Jaguars legend Fred Taylor reveals he modeled his game after Rams Hall of Famer

• Ex Jaguars RB Fred Taylor recently shared the reason why he wore No. 28 in the NFL.
Nov 28, 2004; Minneapolis, MN, USA; Jacksonville Jaguars running back #28 Fred Taylor rushes for 13
Nov 28, 2004; Minneapolis, MN, USA; Jacksonville Jaguars running back #28 Fred Taylor rushes for 13 / Bruce Kluckhohn-USA TODAY Sports

When you think of the best players to ever suit up for the Jacksonville Jaguars, running back Fred Taylor is one of the first who comes to mind. While he became known for wearing No. 28 during his playing days, he recently revealed that he chose it only because he would've had to pay for the number he originally wanted.

Taylor was in Las Vegas representing Crown Royal, one of his longtime partnerships. At the 25th Annual Super Bowl Soulful Celebration, the 2007 Pro Bowler presented former wide receiver Nate Burleson with the "Lifetime of Inspiration: That Deserves a Crown Award." Accompanying the award was a $25,000 donation to the Michigan Veterans Foundation on his behalf from the Crown Royal Generosity Fund.

On the Stacking the Box podcast, Taylor, after talking about his signature "Freddy T" (a splash of ginger ale added to Crown Royal), explained that he wanted to wear No. 21. But a teammate of his had already claimed it and wanted $50,000 to give it up. So, Taylor decided on No. 28 instead because he modeled his game after Marshall Faulk.

"I can tell you a quick story. I wore No. 21 In college, and I thought I would get it in the NFL. But my teammate who had it at the time, he wanted $50,000 for it. I won't say his name, but he's a great guy. We became amazing teammates. So No. 28 was available, and the guy I modeled my game after was Marshall Faulk.

"I saw him as a freshman, he tore up the University of Miami. He was in their heyday back in those days. And he had an amazing game, almost went for 200 [yards] as a freshman, and I wanted to play like him. So when I had to make a decision on the number, 28 was open. I took it," Taylor said.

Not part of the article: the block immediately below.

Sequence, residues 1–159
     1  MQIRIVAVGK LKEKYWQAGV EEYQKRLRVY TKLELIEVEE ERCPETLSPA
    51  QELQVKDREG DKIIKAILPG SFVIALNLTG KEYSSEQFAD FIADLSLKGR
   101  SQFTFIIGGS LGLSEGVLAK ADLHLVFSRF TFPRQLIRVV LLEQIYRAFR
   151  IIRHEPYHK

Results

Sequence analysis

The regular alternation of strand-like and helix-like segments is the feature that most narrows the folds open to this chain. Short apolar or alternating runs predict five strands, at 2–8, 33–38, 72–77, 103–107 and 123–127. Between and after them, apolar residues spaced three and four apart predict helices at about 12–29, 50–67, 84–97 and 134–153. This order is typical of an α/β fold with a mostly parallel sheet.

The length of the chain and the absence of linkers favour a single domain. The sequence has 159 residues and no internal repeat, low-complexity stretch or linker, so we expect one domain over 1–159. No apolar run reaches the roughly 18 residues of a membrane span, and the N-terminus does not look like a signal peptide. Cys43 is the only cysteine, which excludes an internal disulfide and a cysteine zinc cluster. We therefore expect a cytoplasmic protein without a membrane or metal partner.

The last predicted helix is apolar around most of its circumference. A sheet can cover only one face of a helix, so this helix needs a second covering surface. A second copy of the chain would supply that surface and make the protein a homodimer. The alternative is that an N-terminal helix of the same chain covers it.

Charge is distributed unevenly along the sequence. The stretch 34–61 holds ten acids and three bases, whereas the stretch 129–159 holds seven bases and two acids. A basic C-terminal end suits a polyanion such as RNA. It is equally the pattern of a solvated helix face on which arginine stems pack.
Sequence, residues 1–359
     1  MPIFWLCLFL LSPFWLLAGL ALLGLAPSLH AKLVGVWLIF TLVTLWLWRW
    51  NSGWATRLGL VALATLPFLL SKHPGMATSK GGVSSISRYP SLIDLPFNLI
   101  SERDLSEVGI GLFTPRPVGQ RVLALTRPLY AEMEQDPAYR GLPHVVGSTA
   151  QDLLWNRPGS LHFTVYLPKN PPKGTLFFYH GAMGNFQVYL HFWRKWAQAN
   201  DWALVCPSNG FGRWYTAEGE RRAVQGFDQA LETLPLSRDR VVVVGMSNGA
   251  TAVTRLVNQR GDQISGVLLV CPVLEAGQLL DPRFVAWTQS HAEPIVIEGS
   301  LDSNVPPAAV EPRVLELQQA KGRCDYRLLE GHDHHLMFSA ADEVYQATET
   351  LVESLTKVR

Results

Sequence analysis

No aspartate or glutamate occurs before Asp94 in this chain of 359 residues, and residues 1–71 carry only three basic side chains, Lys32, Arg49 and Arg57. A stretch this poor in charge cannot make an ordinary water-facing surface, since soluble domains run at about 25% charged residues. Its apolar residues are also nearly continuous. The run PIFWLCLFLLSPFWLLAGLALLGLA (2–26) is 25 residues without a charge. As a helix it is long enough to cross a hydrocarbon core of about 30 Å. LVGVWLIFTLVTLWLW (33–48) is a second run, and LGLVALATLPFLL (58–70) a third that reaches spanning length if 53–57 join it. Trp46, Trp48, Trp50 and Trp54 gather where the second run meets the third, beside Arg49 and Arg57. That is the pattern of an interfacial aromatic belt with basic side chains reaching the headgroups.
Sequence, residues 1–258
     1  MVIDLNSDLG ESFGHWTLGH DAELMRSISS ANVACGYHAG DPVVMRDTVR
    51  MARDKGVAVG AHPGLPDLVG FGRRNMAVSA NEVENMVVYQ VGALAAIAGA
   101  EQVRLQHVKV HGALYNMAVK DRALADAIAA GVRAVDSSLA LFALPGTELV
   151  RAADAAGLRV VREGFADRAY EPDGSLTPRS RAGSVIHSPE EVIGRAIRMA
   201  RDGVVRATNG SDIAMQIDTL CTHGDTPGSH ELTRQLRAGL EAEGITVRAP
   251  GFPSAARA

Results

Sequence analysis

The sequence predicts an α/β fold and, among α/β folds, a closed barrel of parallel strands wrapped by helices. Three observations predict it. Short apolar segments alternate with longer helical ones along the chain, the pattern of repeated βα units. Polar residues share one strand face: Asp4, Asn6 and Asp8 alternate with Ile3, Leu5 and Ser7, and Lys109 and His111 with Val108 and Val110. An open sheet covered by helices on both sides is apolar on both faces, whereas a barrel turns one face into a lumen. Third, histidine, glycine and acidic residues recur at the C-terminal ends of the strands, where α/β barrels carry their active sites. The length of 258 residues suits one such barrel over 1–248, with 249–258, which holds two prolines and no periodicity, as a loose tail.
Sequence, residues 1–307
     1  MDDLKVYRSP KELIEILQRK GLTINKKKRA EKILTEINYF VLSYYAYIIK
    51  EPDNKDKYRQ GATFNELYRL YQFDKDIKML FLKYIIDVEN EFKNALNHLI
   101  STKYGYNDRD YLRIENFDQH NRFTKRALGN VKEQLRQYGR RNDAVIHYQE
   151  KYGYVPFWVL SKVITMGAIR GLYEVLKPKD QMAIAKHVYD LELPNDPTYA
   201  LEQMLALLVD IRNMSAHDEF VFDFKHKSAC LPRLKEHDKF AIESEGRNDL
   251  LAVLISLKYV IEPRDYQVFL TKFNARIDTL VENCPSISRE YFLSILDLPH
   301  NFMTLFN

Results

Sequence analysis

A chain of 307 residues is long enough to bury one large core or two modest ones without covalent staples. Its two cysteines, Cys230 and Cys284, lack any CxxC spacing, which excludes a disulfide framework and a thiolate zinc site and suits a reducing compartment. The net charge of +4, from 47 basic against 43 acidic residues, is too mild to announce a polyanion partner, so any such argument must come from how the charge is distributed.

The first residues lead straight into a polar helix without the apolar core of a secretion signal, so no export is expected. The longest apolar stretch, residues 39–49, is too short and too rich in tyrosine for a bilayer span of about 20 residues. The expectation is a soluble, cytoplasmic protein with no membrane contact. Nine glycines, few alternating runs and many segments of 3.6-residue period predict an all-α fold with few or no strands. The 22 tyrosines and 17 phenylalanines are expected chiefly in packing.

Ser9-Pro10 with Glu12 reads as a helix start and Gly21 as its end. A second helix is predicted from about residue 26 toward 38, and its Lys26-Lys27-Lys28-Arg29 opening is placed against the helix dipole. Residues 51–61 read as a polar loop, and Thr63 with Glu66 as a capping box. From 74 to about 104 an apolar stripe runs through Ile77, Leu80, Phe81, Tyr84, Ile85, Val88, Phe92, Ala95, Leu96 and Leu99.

This isn't the first time Taylor has stated that he wore No. 28 because he looked up to Faulk. However, it might've been the first time he confided that he originally wanted to wear No. 21.

Even though Taylor chose not to name the player who wore No. 21 at the time he had to choose, it's fair to assume it was former cornerback Aaron Beasley, who was on the Jaguars roster from 1996-2001.

Fred Taylor chose a great RB to model his game after

There may not be a better option to model your game after than Hall of Fame running back Marshall Faulk. Drafted second overall by the Indianapolis Colts in 1991, he's best remembered for being an integral part of the Rams' Greatest Show on Turf.

During his prime, Faulk was a dual threat, becoming the second running back ever to register over 1,000 yards rushing and 1,000 receiving in the same season. If that wasn't enough, he earned three first-team All-Pro designations, seven Pro Bowl selections and league MVP honors in 1999.

By the end of his illustrious NFL career, Faulk had tallied 12,279 rushing yards and 6,974 receiving yards on 767 receptions. That's as many catches as several Hall of Fame receivers. To nobody's surprise, Faulk was enshrined in 2011. For, his part, Fred Taylor also had a fine career, registering 11,695 rushing yards with 66 touchdowns during a 13-year span.

While Taylor doesn't enjoy as much name recognition or has as many accolades as Faulk, he was routinely one of the top running backs in the NFL in the 2010s. Rightfully, he's frequently garnered Hall of Fame consideration and was a finalist for the 2024 class.

Fred Taylor participated in this Super Bowl Media Week interview on behalf of Crown Royal.